Notes from Iowa: The Downside to Biofuels

In 2010, 58% of Iowa's corn crop was used to make ethanol. Photo: Joe Hennager

The following is an excerpt from a letter to the editor published in the Fairfield (Iowa) Daily Register, April 14, 2011. The letter writer is Francis Thicke, Ph.D., an expert in soil science and an organic dairy farmer who, along with his wife, Susan, won the prestigious Spencer Award for Sustainable Agriculture in 2009. Thicke waged a popular — but ultimately unsuccessful — grassroots campaign for Iowa Secretary of Agriculture in 2010. The issues he raised have galvanized proponents of sustainable agriculture across the nation. We’re pleased to have Dr. Thicke’s permission to reprint his letter. — Julia Wasson, Publisher


Fully 58 percent of Iowa’s 2010 corn crop was used to make ethanol. So, it is not just “surplus” corn that is going into ethanol, as is claimed by the ethanol industry. Even the livestock industry does not believe the ethanol industry’s claim that this much corn going for ethanol does not affect prices. That is why the livestock commodity groups for hogs, cattle and poultry are all lobbying against ethanol subsidies in Washington, D.C.

A recent Iowa State University analysis indicated that ethanol subsidies are no longer needed to keep the ethanol industry profitable. It’s time to end the $0.45 per gallon ethanol subsidy, which cost taxpayers nearly $6 billion in 2010. The real cost per gallon of that subsidy is actually much higher: If you account for the fact that ethanol contains just two-thirds the energy of gasoline, and that two-thirds of ethanol’s energy consists of embedded fossil-fuel energy that was required to grow the corn and make the ethanol, the real cost of the $0.45 per gallon ethanol subsidy comes to over $2 per gallon of gasoline net energy equivalence. That is $2 per gallon that we taxpayers pay for ethanol even before we buy it at the gas pump.

Crops worldwide — canola, cassava, palm oil, corn, soybeans, sugarcane and others — are increasingly being used to make biofuels. That might not make a lot of difference in the price you pay for corn flakes, but it does make a big difference to the half of the world’s population that lives on just $2 per day or less. They spend about 80 percent of their income on food, and the worldwide shift from food to biofuel crops causes them hardship, or worse. When the price of corn doubles in the U.S., it causes a ripple effect that increases food grain prices worldwide and pushes more people into starvation.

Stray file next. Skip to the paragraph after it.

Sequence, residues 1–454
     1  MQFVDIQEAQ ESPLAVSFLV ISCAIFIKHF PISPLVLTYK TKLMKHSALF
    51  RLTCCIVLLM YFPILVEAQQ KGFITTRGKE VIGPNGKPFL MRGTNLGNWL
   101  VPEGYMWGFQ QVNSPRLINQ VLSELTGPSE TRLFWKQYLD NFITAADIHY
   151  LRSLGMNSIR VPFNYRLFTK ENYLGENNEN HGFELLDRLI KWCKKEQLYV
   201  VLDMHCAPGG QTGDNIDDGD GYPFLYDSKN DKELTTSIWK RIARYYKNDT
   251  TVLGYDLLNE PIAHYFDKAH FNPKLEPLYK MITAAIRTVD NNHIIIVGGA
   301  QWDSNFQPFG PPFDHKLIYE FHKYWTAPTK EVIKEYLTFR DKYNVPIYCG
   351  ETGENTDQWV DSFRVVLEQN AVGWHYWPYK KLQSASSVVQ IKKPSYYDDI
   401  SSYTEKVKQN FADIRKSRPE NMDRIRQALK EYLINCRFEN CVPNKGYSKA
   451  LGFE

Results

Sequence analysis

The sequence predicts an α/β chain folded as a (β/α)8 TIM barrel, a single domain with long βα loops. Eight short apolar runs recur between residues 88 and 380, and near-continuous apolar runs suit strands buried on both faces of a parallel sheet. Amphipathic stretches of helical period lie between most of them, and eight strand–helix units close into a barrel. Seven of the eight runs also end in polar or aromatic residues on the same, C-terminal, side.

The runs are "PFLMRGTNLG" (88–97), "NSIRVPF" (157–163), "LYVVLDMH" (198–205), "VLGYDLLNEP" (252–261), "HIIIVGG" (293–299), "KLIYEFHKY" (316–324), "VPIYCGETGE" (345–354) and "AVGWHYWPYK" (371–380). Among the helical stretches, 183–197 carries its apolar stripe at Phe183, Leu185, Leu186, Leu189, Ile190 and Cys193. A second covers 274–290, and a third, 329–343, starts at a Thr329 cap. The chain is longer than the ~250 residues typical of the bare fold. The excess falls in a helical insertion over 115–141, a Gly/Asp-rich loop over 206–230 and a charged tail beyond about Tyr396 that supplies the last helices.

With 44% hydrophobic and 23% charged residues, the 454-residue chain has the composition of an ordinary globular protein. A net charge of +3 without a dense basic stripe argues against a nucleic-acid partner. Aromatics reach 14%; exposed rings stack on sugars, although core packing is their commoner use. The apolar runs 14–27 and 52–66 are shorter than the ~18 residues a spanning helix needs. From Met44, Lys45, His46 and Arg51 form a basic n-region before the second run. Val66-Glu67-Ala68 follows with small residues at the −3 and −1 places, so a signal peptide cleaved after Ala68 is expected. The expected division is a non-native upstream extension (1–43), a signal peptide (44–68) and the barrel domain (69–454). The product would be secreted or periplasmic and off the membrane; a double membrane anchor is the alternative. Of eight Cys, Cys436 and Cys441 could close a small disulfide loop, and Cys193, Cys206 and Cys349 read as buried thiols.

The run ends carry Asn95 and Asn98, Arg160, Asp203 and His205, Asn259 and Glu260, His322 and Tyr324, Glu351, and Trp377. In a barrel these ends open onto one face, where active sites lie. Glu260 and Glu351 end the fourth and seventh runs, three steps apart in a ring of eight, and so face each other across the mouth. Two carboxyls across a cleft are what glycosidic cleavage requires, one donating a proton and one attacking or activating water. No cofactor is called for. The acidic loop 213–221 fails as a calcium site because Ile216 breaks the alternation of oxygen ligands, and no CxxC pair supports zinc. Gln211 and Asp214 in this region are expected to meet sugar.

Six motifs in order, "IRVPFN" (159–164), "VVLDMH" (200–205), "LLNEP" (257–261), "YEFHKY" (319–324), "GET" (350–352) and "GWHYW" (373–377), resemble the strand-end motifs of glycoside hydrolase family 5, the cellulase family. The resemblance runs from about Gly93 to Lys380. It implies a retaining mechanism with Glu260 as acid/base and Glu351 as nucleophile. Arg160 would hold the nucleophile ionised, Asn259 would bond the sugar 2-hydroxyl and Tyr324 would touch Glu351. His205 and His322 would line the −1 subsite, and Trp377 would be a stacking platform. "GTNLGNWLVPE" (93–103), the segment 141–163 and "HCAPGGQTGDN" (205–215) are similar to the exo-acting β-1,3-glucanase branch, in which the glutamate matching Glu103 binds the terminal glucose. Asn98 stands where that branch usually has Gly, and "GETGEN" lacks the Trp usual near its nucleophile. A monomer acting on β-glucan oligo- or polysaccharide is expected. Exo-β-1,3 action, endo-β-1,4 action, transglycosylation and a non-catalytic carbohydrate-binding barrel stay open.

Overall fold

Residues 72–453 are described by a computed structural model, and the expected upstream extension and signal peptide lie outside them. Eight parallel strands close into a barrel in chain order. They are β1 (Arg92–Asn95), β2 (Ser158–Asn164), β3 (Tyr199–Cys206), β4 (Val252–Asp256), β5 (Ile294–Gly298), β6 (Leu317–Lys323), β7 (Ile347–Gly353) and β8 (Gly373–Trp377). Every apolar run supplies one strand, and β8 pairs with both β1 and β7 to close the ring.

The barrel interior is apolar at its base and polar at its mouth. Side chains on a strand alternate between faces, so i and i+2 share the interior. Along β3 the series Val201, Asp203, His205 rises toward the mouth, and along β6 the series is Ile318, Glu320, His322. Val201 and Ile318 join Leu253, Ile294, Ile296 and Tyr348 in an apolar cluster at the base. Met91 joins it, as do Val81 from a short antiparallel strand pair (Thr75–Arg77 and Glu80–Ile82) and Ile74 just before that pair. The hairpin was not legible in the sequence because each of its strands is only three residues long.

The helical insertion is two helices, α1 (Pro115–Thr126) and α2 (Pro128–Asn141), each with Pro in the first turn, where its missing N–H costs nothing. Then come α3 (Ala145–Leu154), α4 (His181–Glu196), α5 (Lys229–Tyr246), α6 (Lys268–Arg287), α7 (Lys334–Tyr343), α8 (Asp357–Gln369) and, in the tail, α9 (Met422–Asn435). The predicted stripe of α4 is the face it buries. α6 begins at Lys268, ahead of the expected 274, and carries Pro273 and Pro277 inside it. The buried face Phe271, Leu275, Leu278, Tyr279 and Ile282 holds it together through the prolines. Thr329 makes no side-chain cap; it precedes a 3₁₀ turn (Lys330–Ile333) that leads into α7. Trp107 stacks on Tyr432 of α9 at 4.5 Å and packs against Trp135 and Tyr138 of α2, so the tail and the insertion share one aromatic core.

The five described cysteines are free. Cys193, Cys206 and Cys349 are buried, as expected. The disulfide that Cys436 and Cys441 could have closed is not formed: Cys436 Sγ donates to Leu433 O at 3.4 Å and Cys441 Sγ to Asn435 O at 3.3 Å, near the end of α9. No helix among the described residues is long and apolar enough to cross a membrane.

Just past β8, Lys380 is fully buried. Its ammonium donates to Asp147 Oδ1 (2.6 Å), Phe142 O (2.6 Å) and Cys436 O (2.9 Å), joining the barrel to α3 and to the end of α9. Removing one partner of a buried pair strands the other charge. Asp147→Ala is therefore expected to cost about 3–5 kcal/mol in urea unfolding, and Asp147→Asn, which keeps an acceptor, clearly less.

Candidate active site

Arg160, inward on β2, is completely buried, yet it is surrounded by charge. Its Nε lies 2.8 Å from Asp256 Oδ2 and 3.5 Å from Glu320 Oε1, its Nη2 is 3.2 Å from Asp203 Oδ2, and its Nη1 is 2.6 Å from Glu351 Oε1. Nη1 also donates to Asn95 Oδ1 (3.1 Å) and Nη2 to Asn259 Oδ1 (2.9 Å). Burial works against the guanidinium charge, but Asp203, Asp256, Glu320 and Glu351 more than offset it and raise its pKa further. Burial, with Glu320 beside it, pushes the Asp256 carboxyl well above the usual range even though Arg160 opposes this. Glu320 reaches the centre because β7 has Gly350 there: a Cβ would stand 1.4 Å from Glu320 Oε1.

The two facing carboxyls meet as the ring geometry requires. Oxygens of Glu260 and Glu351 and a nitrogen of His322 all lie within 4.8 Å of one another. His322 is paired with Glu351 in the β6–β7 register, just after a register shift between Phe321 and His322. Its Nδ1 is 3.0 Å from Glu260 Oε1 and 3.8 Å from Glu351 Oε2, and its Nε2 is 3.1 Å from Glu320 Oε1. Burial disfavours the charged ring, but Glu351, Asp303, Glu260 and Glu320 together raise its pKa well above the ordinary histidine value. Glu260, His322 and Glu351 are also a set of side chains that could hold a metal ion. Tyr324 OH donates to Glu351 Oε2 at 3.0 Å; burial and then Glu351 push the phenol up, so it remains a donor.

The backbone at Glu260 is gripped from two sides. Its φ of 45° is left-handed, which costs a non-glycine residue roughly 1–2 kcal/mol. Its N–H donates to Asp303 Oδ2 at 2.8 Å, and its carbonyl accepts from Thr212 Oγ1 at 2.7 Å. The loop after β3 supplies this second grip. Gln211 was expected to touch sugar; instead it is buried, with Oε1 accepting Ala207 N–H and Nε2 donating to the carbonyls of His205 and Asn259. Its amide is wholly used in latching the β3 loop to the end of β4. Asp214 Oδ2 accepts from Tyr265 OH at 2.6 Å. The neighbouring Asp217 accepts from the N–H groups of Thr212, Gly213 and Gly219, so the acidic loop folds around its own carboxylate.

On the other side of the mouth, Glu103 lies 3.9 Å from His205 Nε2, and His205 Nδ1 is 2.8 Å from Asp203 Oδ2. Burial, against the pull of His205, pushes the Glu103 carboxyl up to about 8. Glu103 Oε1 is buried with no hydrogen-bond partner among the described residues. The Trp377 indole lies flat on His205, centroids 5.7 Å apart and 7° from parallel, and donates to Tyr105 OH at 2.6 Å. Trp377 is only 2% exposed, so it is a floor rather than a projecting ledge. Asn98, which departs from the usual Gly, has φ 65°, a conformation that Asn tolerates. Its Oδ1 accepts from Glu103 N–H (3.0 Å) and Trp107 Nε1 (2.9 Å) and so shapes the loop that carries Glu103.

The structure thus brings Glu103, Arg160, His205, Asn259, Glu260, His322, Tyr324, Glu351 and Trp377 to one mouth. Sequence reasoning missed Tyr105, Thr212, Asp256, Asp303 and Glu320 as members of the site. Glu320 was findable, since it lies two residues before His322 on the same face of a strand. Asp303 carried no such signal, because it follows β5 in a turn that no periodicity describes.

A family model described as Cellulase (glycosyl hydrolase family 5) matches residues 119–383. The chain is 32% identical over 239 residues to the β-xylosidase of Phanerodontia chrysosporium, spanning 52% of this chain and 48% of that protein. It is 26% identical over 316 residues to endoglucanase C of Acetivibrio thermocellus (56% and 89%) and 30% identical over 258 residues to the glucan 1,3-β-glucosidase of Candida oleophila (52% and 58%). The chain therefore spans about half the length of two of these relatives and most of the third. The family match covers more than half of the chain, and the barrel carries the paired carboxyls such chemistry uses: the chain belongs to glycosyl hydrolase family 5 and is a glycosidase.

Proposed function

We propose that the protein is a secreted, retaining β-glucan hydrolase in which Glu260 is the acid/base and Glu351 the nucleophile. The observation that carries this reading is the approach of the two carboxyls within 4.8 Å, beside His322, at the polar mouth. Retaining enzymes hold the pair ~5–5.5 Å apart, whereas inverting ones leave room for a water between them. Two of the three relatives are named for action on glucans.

Our huge investment in ethanol wouldn’t seem so bad if we used that ethanol efficiently. But we are using it in passenger vehicles that average just 20.4 mpg (compared to 45 to 50 mpg in Europe and Japan). It would take only about 1 mpg increase in our passenger vehicle mileage to save the equivalent amount of energy we get from all the ethanol we produce in the U.S.

Aside from the disastrous economic investment the ethanol industry has been, we should consider the environmental problems ethanol brings with it. For example, for every gallon of ethanol made from corn, two gallons of soil are lost to erosion. Clearly, this is not a sustainable system. Corn production in Iowa averages 5.7 tons/acre of soil eroded each year, but the soil naturally regenerates at an average rate of just 0.5 tons/acre per year.

Nutrient loading to water resources from corn production is another problem. According to data from the U.S. Geological Survey, corn production is a major contributor of nutrients that cause the Dead Zone in the Gulf of Mexico, which grows to about the size of New Jersey every summer.

It is important that we look critically at the talking points of the biofuels industry, and not let them play us for biofools.

Francis Thicke, Fairfield, Iowa

Guest Writer

Blue Planet Green Living (Home Page)

Related Posts

Part 1: Francis Thicke on Biofuels, Biodiversity, and Erosion

Part 2: Francis Thicke on Renewable Energy

Part 3: Francis Thicke on Small Farms and Local Foods

Part 4: Francis Thicke on Big Ag, CAFOs, and the Future